'It's brilliant the England Women's players of today still remember the 1972 team'
Jeannie Allott is a history-making England international but if you spoke to many of the people who know her, they would have no idea.
Despite scoring the winning goal in England Women’s first official match in 1972, Allott would rarely discuss the fact she was one of the first players to ever feature for the Lionesses but that may well change now.
At just 15, Allott was one of a host of talented teenagers selected in England Women’s first official match against Scotland, which came after the FA’s 1921 ban on girls and women playing football was lifted.
And to mark the 50th anniversary of the first official England Women’s game on 18 November 1972, the Football Association has introduced legacy numbers for everyone who has played for the Lionesses’ senior team and will be giving them a special velvet cap with their newly-established legacy number embroidered on the front.
Allott said: “I never talked to friends or anyone about what I used to be or that I was into football because I still had that feeling that I'm not accepted.
“I work with 300 people and maybe ten people know that I'm an ex-footballer but knowing I've got that cap with that number ten on it, oh I’m so bloody proud, I tell you. If anybody wants to ask me about it now, I’ll tell them!
“This has affected us all because we've had a lot of obstacles and we have been through hell to get to where we are. We had no money in them days, we were thumbing (hitchhiking) it to games, taking days off work and we weren't getting paid for it. Well you know what, try that now!
“This means everything to me.”
Allott grew up in an era where girls and women’s football were not accepted by some in society, partly due to the FA ban which was installed in 1921.
That ban was lifted in 1972 and whilst there were unofficial England Women’s games before that time, the Scotland fixture at Ravenscraig Stadium, Greenock, on 18 November 1972 was the first official fixture under the FA banner.
Allott said: “I was told at the age of eight I was banned. I was called in by the headmaster and he said ‘sorry, Jeannie, but we've heard from the FA that you are banned’.
“At eight years old, I didn't even know what a ban was. He said ‘you can't play with the boys anymore’. It broke my heart and I think I was in shock.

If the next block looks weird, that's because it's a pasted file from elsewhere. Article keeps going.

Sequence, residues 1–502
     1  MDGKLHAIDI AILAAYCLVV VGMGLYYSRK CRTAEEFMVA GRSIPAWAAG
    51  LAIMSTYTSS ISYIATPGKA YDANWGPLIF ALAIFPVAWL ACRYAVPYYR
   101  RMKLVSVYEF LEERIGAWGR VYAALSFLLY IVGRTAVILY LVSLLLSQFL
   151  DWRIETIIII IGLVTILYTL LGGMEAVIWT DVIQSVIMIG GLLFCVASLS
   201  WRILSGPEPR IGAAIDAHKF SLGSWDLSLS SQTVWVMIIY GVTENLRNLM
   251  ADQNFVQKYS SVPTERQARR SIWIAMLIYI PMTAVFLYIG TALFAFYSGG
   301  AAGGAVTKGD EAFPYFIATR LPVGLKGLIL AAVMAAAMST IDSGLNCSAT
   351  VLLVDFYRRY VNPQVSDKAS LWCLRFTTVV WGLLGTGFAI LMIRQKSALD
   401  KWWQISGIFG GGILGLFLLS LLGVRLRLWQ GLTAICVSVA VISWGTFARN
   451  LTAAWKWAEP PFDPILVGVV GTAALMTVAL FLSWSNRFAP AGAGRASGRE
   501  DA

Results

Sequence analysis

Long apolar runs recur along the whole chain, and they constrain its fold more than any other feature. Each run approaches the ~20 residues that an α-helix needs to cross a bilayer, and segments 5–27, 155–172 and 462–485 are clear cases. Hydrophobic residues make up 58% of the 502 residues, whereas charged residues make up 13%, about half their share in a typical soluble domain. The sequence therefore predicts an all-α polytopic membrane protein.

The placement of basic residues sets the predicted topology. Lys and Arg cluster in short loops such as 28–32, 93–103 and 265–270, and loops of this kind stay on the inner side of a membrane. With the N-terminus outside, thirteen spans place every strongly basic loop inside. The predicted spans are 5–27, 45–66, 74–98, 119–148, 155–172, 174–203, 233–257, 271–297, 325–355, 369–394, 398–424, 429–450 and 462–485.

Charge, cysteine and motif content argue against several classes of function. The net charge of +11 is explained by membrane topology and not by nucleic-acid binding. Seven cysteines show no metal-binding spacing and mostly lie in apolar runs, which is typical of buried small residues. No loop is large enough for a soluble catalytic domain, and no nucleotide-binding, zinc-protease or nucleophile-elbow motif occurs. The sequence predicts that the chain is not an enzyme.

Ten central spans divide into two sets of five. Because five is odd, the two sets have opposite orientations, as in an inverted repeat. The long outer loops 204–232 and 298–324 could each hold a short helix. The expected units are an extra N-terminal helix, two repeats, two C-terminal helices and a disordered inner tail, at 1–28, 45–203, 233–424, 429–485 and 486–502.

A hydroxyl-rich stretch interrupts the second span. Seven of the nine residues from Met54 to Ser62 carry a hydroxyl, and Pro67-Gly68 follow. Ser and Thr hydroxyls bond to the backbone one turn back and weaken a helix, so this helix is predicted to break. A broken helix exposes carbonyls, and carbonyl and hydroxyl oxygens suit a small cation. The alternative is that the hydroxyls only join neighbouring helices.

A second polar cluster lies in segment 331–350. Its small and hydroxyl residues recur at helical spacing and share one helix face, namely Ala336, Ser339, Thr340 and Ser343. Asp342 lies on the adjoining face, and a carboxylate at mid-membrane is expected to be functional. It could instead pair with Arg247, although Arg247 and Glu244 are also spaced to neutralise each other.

“So it was to be netball and that sort of thing. I did it for one day and I was back on the field with the boys. I thought ban me again. Who cares.
“But at that time, it really affected me and it affected all the girls as well. I mean, a kid should be out on the fields, out on the street, playing sports, and then you had somebody from the FA saying ‘nah, football is a man's sport’. Who the hell are they to decide that?’
“It did take me aback for a bit but then it became water off a duck’s back.”
Despite being just 15, Allott went through regional and then national trials to make the first England Women’s team.
For the first match they travelled up to Scotland and the hosts went 2-0 up through goals by Mary Carr and Rose Reilly.
Scotland v England Women: 50 years on
Founding members from the Women's Football Association and Scottish Women's FA discuss the Lionesses' first game in 1972
England pulled a goal back through Sylvia Gore prior to half-time, before Lynda Hale scored the equaliser and Allott sealed a 3-2 victory in the 75th minute.
Allott said: “I remember it was a very, very cold day. I think in normal circumstances, the match should never have gone ahead. There was more ice on that field than the North Pole! It was absolutely freezing and the wind was unbelievable.
“But receiving the cap and the shirt and then playing in the game, it is a moment which went down in history. I let a few tears go that night but I think the whole 1972 team let a few tears go. It was absolutely brilliant.”
Before, during and after England Women’s run to the EUROs title, many of the squad spoke about the role played by those who had represented their country before them.
And in the team’s first match back at Wembley Stadium after lifting their maiden major trophy, the FA welcomed back many of the 1972 squad and presented them with a bespoke England cap with their legacy number as part of a special dressing room presentation.
The team of 1972 then joined a host of other England Women’s players from the past 50 years in walking around the pitch during half-time of the 2-1 victory over the USA and received a wonderful reception from the 76,891 fans in attendance.
“Seeing the girls play at Wembley, it makes you very emotional. Then I think, if only I was born 50 years later!” Allott continued.
“I take my hat off to the girls because there's a lot of talent on that field, a real lot. And we've got a fantastic coach in Sarina, who I played with in Delft.
“We played for the same local team. She was right half and I was sort of left half. Sarina was a really good player, a quiet player. Like she's on the side of the field. She would think ahead and she was a really good player. I'm glad she's done so well for herself.”
Allott continued: “I think it's brilliant that the girls of today still remember the 1972 team and they acknowledge we did pave their way. Even Sarina sent us a video message thanking us and I think that says a lot.
“The FA of today have really made up for in the eighties and the nineties. I've got no words for it. It is brilliant.”
A full list of legacy numbers and a list of every game in England Women’s history can be viewed here.
England Women's legacy numbers